So, if this report is accurate, he was editor and reviewer of their notes of his own statements. He adopted them by approving them for publication. How is this evidence, on the specific point I laid on the table, that he did NOT believe that scientific inquiry was warranted, or that it was, in any way, incompatible with his more classical, metaphorical view of describing their operations?
Giving all due weight to your concern, his students took definite meaning from what he said and preserved it. He reviewed their understanding of his meaning and approved it for purposes of informing and directing his successors in their defintion of the art. The translators should similarly not be impeached without some reason. It does nothing to change my conclusion on that basis. The statement itself was definitive -- I take it definitively.
With all due respect, you are resorting to classic straw man arguments and infelicitous double-think.
I did not make any comment about the utility or inutility of scientific inquiry. Any assertion that I did is categorically false.
With regard to the "compatibility" of metaphorical versus empirical description, I assert that the two modes depend on two utterly different sets of descriptive symbols with utterly different rules of operation and thus, are not directly comparable. Each can accord quite well with the phenomenon it is describing while according not at all with another description. To this extent, discussion of "compatiblity" or "incompatibility" of metaphorical or empirical descriptions is of less relevance than the possible complementary utility of the descriptions, which is a rather different matter.
While Ueshiba is supposed to have reviewed and approved the text, the apparent fact that it was approved with the stipulation that it be distributed only to yudansha may be taken to indicate that the work was intended as an outline or detailed mnemonic of lessons already imparted through oral and kinesthetic instruction, which was regarded as primary. Thus, not only would the role of the text and drawings be secondary, tertiary, or quaternary, not primary, but I would also suggest that the distribution was restricted because the text might be regarded as misleading to an individual who had not received individual oral and kiinesthetic instruction. To put a fine point on it, my assertion is that it can not be shown that the authorial or editorial intention was to approach the "definite" or "definitive," much less that such an intention was successfully realized.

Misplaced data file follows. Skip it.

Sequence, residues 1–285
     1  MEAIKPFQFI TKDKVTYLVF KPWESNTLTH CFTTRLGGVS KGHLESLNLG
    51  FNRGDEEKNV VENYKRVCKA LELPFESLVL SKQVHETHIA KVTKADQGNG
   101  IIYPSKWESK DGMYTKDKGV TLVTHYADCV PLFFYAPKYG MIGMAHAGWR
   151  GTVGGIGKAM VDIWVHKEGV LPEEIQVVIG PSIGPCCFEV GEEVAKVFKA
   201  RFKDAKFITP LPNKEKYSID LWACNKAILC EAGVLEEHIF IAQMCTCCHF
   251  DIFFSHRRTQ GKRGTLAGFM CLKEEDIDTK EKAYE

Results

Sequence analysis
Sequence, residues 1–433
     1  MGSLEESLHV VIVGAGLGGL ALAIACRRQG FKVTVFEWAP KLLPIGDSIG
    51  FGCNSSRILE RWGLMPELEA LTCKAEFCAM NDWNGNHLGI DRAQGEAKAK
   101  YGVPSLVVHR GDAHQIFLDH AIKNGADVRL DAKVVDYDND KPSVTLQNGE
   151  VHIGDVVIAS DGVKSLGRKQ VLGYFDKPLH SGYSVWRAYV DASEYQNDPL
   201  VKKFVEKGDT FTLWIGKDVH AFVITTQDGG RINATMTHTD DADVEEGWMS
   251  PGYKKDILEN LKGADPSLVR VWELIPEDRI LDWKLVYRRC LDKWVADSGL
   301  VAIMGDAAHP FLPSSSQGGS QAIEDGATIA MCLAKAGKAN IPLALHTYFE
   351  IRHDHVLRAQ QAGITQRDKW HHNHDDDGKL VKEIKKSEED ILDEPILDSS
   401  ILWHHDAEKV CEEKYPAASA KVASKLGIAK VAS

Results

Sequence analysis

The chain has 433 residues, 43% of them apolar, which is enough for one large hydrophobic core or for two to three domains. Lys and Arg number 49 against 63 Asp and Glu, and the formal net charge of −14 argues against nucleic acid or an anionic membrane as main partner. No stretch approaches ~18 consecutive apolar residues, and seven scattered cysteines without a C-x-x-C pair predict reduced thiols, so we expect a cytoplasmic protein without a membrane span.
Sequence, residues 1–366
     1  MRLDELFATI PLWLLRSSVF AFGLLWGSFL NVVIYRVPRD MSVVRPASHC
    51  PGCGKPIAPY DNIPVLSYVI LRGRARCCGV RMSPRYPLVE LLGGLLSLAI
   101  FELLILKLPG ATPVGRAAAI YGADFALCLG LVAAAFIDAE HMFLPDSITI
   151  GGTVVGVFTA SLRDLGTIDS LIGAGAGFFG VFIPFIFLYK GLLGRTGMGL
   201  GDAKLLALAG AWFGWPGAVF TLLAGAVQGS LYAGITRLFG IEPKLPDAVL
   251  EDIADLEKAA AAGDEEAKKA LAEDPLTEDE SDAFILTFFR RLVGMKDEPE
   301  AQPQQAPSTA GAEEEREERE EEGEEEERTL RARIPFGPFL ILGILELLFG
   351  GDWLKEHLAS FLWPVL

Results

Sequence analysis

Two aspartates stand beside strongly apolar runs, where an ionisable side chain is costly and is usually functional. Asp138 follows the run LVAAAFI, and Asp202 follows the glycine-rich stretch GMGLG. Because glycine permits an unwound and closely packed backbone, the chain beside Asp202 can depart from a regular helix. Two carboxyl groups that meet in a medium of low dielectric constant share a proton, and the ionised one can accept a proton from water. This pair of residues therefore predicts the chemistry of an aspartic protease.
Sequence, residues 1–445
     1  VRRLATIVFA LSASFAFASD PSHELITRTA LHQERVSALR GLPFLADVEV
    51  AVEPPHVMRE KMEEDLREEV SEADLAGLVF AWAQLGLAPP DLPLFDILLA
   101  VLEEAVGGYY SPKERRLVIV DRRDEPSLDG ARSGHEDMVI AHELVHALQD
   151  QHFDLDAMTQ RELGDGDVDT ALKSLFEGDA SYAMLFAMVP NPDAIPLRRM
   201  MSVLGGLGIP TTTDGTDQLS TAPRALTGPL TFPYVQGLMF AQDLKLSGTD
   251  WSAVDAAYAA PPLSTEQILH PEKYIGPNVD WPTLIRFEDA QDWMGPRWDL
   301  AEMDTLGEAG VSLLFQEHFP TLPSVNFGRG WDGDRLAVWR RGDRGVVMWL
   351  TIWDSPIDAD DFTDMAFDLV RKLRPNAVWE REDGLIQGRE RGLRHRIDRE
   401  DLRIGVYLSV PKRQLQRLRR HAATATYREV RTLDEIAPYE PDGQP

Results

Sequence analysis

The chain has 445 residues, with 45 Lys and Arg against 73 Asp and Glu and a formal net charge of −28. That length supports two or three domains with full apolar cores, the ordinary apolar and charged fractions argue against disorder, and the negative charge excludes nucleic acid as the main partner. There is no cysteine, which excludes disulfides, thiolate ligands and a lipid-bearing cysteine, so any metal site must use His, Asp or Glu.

Your position that Ueshiba's language was, on the one hand "metaphorical" and on the other hand so "definite" that you can reify that "definite" meaning into a "definitive meaning" is heremeneutically suspect as anything other than a statement of faith.
Your suggestion that anyone has "impeached" the translators is overblown hyperbole. At best, it betrays a series of fundamental confusions about the nature of languague, the nature of metaphor, the relationship between language and mathematics, and the fundamental nature of translation that would take a total change of viewpoint to redress. I have reached a point in my life where I rarely go for the "at worst" half of the proposition because experience has taught me that reality has more resourcefulness on that count than my imagination has ever manifested.
Not that any of the above has jack to do with actual practice, which remains primary.